Judaea. Hasmoneans. Mattathias Antigonos (Mattatayah) Æ Prutah. Circa 40-37 BC. ""Mattatayah the Priest"" in Paleo-Hebrew script around showbread table / BAΣIΛEΩΣ ANT, seven-branched menorah. TJC 41; Sofaer 446; AJC I Group Z; Samuels 46; Hendin 1168.
Very Rare; the only ancient Jewish coin type depicting the menorah.
This coin represents what it probably the most important type in Jewish numismatics. Struck towards the end of his doomed conflict with Herod, this type was issued by Mattathias Antigonos whilst besieged in Jerusalem.
During the Second Temple period, depictions of these most sacred of artefacts were prohibited, thus their appearance on this coinage was both unprecedented and extremely significant. A member of the Hasmonean dynasty and High Priest, Mattathias must have intended this coinage to serve an inspirational function. The showbread table and menorah are direct references to the temple itself, and are probably intended to instill in the populace a fear that these holy objects might fall into the hands of the besieging army. This army, though nominally commanded by Herod who was himself a Jew, was largely a Roman force sent by Marc Antony, and led by Gaius Sosius. That the showbread table and the menorah could fall into Roman hands would have been unthinkable, and indeed during the assault of the city the defenders fought bitterly until they were driven back into the Temple's inner court and overrun by Roman troops. Only by bribing Sosius and his officers was Herod able to spare the temple from being sacked.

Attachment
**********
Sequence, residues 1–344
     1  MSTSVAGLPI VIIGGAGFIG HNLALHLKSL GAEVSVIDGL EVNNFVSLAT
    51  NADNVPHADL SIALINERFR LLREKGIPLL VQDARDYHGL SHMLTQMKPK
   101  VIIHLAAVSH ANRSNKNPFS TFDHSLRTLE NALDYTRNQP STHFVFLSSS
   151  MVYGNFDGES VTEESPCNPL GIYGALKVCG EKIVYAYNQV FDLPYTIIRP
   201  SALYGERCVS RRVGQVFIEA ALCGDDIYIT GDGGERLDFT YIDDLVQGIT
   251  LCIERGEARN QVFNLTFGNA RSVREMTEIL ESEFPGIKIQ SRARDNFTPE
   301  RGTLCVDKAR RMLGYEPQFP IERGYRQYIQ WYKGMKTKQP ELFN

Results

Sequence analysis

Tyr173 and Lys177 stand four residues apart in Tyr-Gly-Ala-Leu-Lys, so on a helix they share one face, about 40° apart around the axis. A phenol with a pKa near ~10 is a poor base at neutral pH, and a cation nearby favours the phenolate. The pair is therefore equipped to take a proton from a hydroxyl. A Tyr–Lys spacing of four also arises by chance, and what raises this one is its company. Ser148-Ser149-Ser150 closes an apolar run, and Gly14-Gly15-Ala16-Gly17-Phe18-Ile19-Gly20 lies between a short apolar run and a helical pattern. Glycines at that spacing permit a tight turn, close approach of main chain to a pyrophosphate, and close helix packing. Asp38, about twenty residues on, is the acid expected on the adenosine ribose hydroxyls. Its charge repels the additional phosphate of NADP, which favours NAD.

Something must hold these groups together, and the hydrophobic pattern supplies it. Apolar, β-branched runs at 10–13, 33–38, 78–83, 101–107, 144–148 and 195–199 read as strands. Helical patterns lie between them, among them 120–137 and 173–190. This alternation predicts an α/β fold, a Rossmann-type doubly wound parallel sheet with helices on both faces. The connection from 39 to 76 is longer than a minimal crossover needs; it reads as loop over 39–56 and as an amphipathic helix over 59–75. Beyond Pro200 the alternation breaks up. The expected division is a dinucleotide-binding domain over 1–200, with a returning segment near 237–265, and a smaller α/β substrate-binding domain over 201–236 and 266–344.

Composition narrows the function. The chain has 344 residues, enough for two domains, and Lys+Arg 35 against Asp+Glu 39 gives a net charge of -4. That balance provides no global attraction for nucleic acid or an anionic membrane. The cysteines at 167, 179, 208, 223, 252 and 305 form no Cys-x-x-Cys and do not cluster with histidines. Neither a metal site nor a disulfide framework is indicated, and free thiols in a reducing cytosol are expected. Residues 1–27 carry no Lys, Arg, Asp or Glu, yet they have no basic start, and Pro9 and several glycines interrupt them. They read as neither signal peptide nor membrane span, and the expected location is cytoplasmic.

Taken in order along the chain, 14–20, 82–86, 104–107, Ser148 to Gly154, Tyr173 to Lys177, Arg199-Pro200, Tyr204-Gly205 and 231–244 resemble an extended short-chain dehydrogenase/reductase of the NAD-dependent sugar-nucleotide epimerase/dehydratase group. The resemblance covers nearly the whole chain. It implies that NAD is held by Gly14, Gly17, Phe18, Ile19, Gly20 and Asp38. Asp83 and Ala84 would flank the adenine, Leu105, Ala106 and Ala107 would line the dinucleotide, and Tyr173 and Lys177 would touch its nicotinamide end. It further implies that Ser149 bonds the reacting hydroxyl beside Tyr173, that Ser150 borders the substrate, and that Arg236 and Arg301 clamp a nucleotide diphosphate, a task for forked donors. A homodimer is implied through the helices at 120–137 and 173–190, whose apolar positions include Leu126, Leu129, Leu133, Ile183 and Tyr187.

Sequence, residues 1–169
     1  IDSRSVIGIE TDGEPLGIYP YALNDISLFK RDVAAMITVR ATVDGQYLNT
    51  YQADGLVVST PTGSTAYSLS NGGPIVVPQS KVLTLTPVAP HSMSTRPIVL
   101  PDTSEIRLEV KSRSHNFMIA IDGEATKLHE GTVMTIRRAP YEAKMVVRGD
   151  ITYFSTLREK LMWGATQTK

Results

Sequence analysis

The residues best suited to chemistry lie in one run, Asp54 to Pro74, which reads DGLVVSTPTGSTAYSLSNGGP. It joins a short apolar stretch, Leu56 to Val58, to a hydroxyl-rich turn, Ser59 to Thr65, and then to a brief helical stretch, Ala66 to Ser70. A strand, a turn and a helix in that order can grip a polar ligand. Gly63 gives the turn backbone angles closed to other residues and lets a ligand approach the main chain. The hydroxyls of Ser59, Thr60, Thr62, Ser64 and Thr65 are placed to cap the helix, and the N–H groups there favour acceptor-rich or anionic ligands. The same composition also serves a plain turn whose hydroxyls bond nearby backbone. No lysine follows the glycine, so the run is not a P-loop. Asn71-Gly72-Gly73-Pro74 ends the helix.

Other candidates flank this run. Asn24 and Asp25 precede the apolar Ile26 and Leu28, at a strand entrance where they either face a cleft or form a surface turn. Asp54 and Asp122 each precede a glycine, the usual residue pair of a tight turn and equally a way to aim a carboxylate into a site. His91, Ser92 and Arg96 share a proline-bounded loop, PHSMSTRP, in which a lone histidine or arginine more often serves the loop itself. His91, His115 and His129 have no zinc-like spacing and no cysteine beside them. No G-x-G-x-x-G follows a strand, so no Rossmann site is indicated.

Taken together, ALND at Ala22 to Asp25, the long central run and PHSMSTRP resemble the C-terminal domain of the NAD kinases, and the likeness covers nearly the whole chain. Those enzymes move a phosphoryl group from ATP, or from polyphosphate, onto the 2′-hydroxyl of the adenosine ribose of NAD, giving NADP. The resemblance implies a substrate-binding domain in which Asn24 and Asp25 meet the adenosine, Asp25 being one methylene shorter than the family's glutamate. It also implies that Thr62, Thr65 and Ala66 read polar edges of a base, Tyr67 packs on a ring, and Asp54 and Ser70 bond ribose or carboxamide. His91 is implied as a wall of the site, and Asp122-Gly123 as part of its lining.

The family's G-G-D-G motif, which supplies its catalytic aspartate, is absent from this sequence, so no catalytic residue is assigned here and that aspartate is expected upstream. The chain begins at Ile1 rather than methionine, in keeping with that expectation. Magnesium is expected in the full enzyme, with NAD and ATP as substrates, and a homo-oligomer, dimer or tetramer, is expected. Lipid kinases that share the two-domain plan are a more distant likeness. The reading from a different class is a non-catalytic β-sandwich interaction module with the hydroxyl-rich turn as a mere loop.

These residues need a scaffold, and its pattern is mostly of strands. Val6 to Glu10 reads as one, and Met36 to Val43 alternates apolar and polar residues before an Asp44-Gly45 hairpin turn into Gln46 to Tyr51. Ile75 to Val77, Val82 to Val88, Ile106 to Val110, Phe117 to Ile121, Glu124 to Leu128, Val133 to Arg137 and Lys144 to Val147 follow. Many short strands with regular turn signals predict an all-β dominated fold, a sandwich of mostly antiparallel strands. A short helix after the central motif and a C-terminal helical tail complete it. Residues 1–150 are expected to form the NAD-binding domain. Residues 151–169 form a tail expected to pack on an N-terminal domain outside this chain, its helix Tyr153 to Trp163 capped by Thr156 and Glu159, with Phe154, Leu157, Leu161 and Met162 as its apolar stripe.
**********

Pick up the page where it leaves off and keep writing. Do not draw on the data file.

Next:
That such important types should be struck on flans far smaller than the dies is perhaps disappointing, but not at all surprising given the siege conditions of its issue and the lack of provisions and material within the city. As a depiction of the menorah though, this type is of the greatest importance and interest. Its form here is identical to its appearance on the Arch of Titus in Rome as it was carried in triumphal procession following the sack of Jerusalem in AD 70."
Condition Very Good 2.4 gr. 24 mm.